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My Grad School Story: Translating a Liberal Arts Degree Into a Career

Here’s a guest post written by Stephanie Farah from!

Growing up, going to college was always a foregone conclusion for me. There was no way I wasn’t going to go. I also always knew that I was going to major in English. But it wasn’t until my senior year of college that, still unsure of what exactly I wanted to do with my degree, I started exploring graduate programs.

All I knew was that I wanted to do something with words, and when I found a graduate program in journalism, I knew it would be a perfect match for both my interests and career goals. So I took the GRE, secured a few recommendations from my professors, and was accepted just in time to start grad school the month after I finished undergrad. True, my B.A. alone might have gotten me a few interviews and perhaps even a job that I could have settled for, but my master’s degree helped me fine tune the writing and research skills I’d learned in undergrad and made me a far more marketable job candidate.

After grad school, when I began searching for my first full-time job, I landed interviews at companies that wouldn’t have given me a second look had I only had a bachelor’s degree. And employers were willing to pay me more than job candidates who didn’t hold master’s degrees. Today, seven years later, I am indeed working with words as I’d hoped to. I’m an editor for an educational publisher and a blogger for, and I moonlight as a freelance copywriter.

While statistics continue to show that any education beyond high school translates into better job opportunities and increased earning potential, there are many fields in which a bachelor’s degree simply isn’t enough to make a job applicant stand out in a sea of worthy candidates. The American Academy of Arts & Sciences’ Commission on the Humanities & Social Sciences recently issued a report, “The Heart of the Matter,” in response to flagging humanities enrollments at American colleges and universities. The report has generated numerous discussions, many of which have focused on the value (or lack thereof) of humanities degrees versus the value of STEM (science, technology, engineering, and mathematics) degrees.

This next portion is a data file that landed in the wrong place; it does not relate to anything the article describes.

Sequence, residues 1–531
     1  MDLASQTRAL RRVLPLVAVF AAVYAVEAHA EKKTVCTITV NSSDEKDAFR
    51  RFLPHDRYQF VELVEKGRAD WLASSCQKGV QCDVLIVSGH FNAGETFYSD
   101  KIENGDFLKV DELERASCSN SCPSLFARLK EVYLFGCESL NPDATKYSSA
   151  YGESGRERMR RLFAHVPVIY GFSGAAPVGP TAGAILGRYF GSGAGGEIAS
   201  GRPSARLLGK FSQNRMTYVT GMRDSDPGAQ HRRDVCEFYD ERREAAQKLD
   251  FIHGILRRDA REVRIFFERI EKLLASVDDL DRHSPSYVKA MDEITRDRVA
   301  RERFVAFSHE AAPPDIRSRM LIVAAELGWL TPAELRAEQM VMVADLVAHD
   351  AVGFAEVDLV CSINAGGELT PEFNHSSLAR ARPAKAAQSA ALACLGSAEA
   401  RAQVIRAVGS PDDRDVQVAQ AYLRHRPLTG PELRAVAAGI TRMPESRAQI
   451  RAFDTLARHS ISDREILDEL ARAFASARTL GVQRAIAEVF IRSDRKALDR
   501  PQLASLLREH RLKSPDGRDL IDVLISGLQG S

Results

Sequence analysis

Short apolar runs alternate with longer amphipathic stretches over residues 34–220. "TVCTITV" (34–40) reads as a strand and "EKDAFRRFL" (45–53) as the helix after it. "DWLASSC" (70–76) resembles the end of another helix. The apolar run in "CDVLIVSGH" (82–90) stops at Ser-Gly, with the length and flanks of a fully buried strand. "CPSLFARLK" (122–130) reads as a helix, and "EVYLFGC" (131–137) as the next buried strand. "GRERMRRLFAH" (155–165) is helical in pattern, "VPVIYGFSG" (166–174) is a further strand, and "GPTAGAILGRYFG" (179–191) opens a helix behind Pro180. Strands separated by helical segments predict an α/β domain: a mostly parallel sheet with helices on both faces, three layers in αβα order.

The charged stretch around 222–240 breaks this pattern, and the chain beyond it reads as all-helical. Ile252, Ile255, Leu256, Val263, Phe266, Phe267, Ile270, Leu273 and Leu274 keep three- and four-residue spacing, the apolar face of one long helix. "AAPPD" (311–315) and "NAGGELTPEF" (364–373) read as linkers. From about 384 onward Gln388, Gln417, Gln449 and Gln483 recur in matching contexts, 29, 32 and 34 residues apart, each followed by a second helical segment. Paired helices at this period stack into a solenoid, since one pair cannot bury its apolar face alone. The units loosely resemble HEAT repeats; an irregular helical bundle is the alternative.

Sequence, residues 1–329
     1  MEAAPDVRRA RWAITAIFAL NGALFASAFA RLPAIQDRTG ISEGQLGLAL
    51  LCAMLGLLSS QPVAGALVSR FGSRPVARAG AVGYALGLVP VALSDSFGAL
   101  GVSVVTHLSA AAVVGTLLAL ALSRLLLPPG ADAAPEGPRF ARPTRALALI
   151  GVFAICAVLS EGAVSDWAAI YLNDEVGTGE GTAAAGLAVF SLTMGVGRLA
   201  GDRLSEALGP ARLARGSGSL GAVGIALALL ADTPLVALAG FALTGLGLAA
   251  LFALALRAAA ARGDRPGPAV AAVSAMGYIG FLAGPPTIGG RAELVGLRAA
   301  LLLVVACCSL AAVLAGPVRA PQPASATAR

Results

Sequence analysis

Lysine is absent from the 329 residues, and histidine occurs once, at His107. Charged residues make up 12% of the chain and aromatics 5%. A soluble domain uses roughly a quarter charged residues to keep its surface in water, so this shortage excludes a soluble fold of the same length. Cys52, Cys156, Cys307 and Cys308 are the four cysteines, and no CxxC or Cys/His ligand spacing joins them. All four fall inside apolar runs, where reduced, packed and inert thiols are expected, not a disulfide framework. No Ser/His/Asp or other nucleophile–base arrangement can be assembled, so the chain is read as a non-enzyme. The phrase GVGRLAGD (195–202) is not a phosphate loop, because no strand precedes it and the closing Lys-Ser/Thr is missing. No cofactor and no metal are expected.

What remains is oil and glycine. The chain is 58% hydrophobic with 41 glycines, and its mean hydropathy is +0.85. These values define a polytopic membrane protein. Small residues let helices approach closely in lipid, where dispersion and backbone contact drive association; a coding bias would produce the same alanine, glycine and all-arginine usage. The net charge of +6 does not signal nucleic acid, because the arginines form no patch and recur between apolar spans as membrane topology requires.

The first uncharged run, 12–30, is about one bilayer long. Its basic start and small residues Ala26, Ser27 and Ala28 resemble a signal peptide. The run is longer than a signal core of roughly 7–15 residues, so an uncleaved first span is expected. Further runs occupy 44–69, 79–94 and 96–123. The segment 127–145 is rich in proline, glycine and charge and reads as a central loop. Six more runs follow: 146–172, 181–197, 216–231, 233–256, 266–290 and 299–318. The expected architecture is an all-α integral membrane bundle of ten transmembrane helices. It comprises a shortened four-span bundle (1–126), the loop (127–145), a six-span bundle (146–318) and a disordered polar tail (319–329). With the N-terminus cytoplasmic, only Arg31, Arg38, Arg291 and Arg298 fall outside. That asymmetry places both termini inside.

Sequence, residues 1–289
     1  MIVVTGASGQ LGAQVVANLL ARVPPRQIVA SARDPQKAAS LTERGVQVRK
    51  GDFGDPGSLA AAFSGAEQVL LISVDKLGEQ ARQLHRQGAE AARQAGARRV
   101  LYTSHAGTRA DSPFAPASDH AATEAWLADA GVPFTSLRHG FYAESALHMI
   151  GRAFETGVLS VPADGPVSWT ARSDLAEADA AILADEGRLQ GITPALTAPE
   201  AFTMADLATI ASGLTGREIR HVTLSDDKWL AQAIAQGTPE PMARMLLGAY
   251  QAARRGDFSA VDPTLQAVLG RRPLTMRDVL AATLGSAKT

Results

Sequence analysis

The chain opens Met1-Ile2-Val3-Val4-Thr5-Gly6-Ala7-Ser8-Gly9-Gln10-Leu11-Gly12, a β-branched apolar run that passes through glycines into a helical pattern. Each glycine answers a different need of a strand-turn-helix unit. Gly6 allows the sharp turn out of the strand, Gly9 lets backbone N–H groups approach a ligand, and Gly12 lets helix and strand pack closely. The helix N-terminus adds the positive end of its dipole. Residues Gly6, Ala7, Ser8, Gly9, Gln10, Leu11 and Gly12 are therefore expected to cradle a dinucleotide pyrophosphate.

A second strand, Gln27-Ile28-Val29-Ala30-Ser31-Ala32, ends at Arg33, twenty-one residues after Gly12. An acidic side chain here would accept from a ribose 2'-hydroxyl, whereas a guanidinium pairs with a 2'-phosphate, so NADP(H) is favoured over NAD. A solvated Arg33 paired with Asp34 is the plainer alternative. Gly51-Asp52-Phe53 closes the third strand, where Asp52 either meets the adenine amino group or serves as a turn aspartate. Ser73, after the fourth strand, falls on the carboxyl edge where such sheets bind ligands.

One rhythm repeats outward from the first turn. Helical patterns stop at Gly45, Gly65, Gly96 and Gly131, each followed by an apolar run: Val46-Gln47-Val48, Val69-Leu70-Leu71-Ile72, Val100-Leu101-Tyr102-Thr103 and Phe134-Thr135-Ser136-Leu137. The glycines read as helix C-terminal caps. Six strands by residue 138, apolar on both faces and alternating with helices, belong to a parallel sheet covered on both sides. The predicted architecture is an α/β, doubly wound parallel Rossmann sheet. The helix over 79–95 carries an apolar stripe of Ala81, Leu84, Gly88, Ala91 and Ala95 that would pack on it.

Having studied English, I for one do see the value in studying the humanities. In addition to the fact that such degrees teach students how to think critically and creatively, they can also prepare them for careers in a wide range of fields. Some of the world’s most successful people earned liberal arts degrees, including CEOs like PayPal founder Peter Thiel (he studied 20th century philosophy at Stanford), and numerous politicians, including President Obama, who majored in political science at Columbia. But it must be noted that a great number of those people also complemented their undergraduate studies with a graduate degree.

Regardless of your major, grad school just might be your ticket to the career you’ve always dreamed of. And don’t let the cost of tuition stand in your way. Scholarships and grants aren’t just for undergraduates. Start by looking into the scholarship opportunities for graduate students at the schools to which you are applying, and bear in mind that doing well on the GRE can help. The cost of my graduate program was covered nearly 100% by an institutional scholarship I won due in part to my high GRE scores. If there aren’t any scholarship opportunities available at your school, try searching for funds through online scholarship searches such as the one at You can also look into fellowships and assistantships. I  worked as a graduate assistant throughout my time in grad school, which allowed me to earn an income while gaining invaluable experiences that strengthened my résumé.

If you’re considering or are in the process of applying to grad school, rest assured that you’ll be making a worthwhile investment in yourself. The lessons you learn both inside and outside the classroom can reinforce your undergraduate studies, add an attention-grabbing stamp to your résumé, and, with a little hard work on your part, help you land the career of your dreams.

Stephanie Farah is a blogger for, a comprehensive college and scholarship search website. She earned a B.A. in English at the University of Texas at Austin and a Master of Journalism at the University of North Texas. In her free time, she enjoys cooking, traveling, and hanging out with her Great Dane. You can follow her on Twitter.

By the way, students who use Magoosh GRE improve their scores by an average of 8 points on the new scale (150 points on the old scale.) Click here to learn more.

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